Old School Methods 

Some of the most effective methods for masons to protect themselves from heat stress on the jobsite are also the simplest, just ask Zach Everett. An experienced Corporate Safety Director at Brazos Masonry, Everett has years of experience dealing with supervising and keeping workers safe from a variety of hazards on the jobsite, and especially from the heat. One of the first things to keep in mind is that removing clothing when temperatures climb may not be a temperature lower measure even though you may feel a little more comfortable. 

“Some people like to take off a lot of clothes in the heat, that might be a misconception and can actually make things worse because you have direct sunlight on your skin,” he cautions, “if you start actually getting sunburned that will actually start raising your body temperature as well.” To protect yourself, he recommends wearing light-colored cotton clothing to wick away sweat and to help cool you off a bit. Cooling towels, which can be soaked in cold water for longer-lasting relief, are also a recommended option.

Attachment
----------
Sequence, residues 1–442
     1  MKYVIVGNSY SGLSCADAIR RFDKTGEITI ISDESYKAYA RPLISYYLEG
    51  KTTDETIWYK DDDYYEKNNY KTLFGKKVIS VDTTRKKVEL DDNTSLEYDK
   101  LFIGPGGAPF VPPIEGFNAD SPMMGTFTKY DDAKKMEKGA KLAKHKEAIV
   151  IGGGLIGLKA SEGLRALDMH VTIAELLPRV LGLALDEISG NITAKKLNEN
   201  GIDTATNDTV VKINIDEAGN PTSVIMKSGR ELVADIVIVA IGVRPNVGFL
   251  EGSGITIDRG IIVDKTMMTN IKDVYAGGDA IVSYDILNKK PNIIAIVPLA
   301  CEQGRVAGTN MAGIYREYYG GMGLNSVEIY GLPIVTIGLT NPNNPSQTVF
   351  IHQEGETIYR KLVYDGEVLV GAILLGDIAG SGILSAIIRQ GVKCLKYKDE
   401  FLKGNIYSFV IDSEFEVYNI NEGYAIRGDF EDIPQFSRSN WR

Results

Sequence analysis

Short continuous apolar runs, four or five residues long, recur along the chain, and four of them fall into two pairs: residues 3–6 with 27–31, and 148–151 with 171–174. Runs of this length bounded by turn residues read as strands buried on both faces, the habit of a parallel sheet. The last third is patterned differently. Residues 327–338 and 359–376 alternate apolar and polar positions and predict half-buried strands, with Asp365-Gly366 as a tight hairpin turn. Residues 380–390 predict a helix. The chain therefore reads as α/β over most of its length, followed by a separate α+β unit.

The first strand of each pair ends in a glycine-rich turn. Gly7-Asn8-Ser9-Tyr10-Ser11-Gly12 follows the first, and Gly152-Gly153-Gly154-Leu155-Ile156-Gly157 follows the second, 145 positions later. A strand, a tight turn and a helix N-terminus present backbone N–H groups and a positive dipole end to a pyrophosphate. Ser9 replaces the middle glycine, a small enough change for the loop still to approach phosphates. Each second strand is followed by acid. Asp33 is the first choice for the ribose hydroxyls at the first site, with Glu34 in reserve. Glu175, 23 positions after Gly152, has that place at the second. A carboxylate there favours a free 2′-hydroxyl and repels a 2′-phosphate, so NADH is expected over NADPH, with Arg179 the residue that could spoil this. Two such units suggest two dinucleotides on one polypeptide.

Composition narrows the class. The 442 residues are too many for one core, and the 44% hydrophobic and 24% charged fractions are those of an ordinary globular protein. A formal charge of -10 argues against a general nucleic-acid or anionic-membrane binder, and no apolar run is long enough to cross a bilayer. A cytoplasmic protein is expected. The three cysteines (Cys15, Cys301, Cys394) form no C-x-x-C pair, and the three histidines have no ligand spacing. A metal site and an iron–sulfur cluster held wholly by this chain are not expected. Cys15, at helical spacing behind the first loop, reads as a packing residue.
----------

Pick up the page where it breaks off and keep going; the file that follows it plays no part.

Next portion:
While workwear is the first thought, there are other more out-of-the-box methods for working around, rather than against the heat. As any mason contractor will tell you, productivity drops a little bit during the hotter months. The increased heat requires heightened precautions like more frequent breaks in the shade and better access to water, but these measures can be extended even further. For example, Everett takes the extra step of encouraging his crew to take a slower and easier pace during safety meetings to avoid overexertion and heat exhaustion. While this action could potentially lead to some delays in the overall completion of the project, it might also save lives.